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  • New Federal Regulations Burden Student Entrepreneurs

    12/10/2013 9:54:47 AM Posted by Ashley Pratte

    New federal nutrition regulations expand from school lunch programs to now burdening programs not receiving any federal funds: student entrepreneurs in school stores, and student leaders merely wanting to hold bake sales. The Nutrition Standards for All Foods Sold in School as required by the Healthy, Hunger-Free Kids Act of 2010 (one of First Lady Michelle Obama's initiatives) has taken regulations from simply the food service program to all food sold anywhere on campus from midnight to thirty minutes after the official end of the school day; and this expansion coupled with tightened nutrition standards will all be shoved down your school system's throat this July.

    The old adage is that the road to hell is paved with good intentions, and that reigns true in this case as well. The new rules puts an end to bake sales, cookie fundraisers and has eliminated most items from the shelves of school stores all in the name of ending obesity. While these rules may have been made under good intentions, they reek of unintended consequences. With shrinking student activity funds, already financially strained extracurricular activities are forced to find yet again another revenue stream because bake sales of apples, oranges, and expensive natural fruit bars are difficult profit producers. School stores simply trying to teach students how to run a business now have to go out of the way to replace popular products with smaller and more expensive ones and likely search for new distributors. 

    These regulations are now incentivizing students to bring the unhealthy food from home that they used to buy at school. Without the education to make smart decisions regarding eating habits, the type of food won't change, rather only where the student gets the food from. This doesn't help students make healthy decisions, it only burdens school based enterprises and student activity organizations.

    Most importantly, these regulations aren't teaching students to be smart, independent, personally responsible learners of their world; rather they are teaching them to be dependent and regulation navigators. There is a larger issue behind obesity in America, and it largely has to do with the individual responsibility of the student. Students should learn how to make decisions that are right for them, and our educators should be there to help, not enforce nutrition mandates.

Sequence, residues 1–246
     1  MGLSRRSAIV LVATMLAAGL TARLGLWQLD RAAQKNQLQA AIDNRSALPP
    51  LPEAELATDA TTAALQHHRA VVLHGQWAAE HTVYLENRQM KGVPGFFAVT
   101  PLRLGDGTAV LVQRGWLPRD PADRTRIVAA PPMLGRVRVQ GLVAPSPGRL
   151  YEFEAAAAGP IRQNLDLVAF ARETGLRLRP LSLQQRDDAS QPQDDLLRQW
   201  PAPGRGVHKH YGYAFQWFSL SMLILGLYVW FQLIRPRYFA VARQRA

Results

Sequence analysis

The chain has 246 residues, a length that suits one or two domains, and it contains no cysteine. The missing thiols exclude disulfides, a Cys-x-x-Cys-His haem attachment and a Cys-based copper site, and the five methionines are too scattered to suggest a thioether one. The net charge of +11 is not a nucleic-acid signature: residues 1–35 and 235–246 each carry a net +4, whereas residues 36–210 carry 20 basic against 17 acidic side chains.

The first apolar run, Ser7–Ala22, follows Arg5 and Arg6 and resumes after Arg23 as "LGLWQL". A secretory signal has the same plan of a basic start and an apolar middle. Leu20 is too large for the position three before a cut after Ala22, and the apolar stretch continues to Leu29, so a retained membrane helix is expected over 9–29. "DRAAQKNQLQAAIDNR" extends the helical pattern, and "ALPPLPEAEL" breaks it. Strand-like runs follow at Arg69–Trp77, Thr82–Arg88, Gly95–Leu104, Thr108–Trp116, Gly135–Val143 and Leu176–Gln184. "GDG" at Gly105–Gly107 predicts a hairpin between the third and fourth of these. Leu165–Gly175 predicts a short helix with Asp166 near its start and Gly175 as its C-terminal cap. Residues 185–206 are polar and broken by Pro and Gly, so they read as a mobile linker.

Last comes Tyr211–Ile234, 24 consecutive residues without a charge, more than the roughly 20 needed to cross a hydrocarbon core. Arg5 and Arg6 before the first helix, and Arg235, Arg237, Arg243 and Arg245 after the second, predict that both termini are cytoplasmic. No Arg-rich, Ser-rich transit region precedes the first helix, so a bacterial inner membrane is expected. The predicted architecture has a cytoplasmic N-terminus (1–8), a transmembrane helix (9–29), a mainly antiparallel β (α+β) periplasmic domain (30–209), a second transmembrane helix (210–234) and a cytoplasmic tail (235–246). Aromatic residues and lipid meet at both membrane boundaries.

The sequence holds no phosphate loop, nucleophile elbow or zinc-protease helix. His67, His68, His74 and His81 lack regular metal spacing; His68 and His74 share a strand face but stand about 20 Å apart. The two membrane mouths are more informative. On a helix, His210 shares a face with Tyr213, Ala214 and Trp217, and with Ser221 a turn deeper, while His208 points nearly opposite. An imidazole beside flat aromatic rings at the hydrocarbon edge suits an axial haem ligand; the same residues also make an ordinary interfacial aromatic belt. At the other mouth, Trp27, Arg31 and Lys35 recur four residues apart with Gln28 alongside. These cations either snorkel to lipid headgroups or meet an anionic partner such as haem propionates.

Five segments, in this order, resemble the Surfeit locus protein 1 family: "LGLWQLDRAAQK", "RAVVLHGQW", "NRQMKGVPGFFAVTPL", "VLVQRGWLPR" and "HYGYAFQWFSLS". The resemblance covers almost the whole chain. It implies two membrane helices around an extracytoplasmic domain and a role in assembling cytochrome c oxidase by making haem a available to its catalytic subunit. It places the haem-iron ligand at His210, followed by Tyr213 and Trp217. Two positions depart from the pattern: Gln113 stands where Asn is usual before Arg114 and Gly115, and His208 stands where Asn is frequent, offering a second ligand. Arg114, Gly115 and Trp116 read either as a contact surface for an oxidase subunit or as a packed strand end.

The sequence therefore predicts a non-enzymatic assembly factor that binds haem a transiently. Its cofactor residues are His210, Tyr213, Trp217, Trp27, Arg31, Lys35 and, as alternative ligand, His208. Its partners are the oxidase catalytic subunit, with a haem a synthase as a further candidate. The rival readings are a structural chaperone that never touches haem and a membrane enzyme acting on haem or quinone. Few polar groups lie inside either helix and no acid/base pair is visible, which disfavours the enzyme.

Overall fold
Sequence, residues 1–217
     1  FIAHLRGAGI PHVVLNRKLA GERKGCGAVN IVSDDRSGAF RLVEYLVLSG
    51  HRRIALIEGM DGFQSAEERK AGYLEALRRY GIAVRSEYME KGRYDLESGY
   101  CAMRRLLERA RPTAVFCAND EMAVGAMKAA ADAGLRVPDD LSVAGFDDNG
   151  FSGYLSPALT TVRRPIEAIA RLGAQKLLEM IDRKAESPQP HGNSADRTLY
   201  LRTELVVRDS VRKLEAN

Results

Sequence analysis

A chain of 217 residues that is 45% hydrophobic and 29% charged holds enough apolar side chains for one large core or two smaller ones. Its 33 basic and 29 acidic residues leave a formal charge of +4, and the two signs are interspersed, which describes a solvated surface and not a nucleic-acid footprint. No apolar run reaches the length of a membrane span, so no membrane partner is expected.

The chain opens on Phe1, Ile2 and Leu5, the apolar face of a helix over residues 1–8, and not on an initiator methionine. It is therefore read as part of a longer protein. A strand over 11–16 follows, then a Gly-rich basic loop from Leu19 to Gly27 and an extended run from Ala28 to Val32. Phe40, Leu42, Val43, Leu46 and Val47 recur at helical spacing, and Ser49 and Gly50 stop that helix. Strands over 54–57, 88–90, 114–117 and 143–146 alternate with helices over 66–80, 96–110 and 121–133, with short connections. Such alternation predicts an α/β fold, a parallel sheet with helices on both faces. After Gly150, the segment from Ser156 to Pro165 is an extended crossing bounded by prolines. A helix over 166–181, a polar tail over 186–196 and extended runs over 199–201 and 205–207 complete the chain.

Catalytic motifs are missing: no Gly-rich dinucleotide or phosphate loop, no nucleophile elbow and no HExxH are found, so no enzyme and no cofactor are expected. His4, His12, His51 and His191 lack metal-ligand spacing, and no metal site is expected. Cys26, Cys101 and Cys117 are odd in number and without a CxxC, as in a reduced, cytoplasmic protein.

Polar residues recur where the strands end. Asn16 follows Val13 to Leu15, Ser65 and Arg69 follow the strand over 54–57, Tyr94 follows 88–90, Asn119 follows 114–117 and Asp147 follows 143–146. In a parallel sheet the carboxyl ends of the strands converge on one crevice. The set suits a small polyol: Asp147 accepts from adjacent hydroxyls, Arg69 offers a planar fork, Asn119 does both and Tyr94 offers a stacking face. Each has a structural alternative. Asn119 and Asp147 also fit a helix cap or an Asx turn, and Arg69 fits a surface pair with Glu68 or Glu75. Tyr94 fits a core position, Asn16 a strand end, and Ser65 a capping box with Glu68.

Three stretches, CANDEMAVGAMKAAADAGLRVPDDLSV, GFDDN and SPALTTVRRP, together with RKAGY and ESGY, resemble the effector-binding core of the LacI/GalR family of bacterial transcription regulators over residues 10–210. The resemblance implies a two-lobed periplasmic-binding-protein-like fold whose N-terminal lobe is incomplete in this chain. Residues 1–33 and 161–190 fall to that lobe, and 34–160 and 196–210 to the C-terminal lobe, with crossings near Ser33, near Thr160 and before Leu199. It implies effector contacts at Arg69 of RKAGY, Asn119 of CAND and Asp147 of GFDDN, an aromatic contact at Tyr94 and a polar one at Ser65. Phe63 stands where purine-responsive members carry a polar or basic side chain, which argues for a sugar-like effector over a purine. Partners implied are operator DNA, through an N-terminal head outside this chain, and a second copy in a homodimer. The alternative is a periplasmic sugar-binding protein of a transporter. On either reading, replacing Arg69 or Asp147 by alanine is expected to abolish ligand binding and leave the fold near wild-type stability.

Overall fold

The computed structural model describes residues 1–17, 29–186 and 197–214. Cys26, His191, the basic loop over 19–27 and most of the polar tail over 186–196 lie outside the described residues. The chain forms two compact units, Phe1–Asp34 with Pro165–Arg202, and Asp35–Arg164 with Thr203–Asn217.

I am not arguing against the regulation of federally funded school lunch programs, but I strongly challenge the federal government's regulation of all independent food sold on a school campus. This is yet another example of the overreaching regulations of today's federal government that adults and private businesses face daily. Hopefully my peers will realize that these mandates like Obamacare, are regressive. Hopefully they will stand up and turn 'generation y us' into a generation of freedom fighters. But for now, it is unfortunate that we have become a nation of force by regulation, instead of responsibility through education. 

    Grant Strobl is theFounding Chairman for the Grosse Pointe North High School Young Americans for Freedom chapter.

     Get Fit Michelle Obama




    • Readers' Comments

    • Give me liberty, and a brownie! Interesting analysis. While the federal government has seemingly overreached here, do you offer any window for regulation according to age of student? Should an 11-year-old child be able to buy pizza and pop after school? Is this a place for parents to have sole authority; yet does the school undermine that authority by making unhealthy options so readily available? What if these were local or state (ALEC-drafted) initiatives? Is it strictly the federal nature you oppose, or the act of the government at any level engaging in such legislation? On a related note, there are more than 40 provisions of this Act. Only the Bake Sale Armageddon is getting any publicity. I agree that this item is probably not included in the "original intent" of the Constitutional Framers. Nevertheless, the official student lunch program has undergone considerable overhaul in recent years, which seems to be a good thing. Do we agree that free-market capitalism ought to stop at the school cafeteria? If private companies (and what school lunch program hasn't been privatized) do not have to follow strict nutritional rules about what they serve to children, what is to keep them from exploiting this captive and naive market with a cheap, but yummy product?
      Posted by Andrew Taylor on 12/10/2013
    • Interesting questions. I do not object to the new regulations if they only applied to school lunches, even if they are privatized, because of the assistance through free or reduced price lunch options. If the taxpayer is assisting in paying for school lunches they should be healthy. However, my main objection with the new regulations is the small part of them: the expansion to all foods throughout the school from beginning to end of the day. I think that is government over-reach. Obesity is a problem in America, and I believe the solution is through eduction not regulation.
      Posted by Grant Strobl on 12/11/2013
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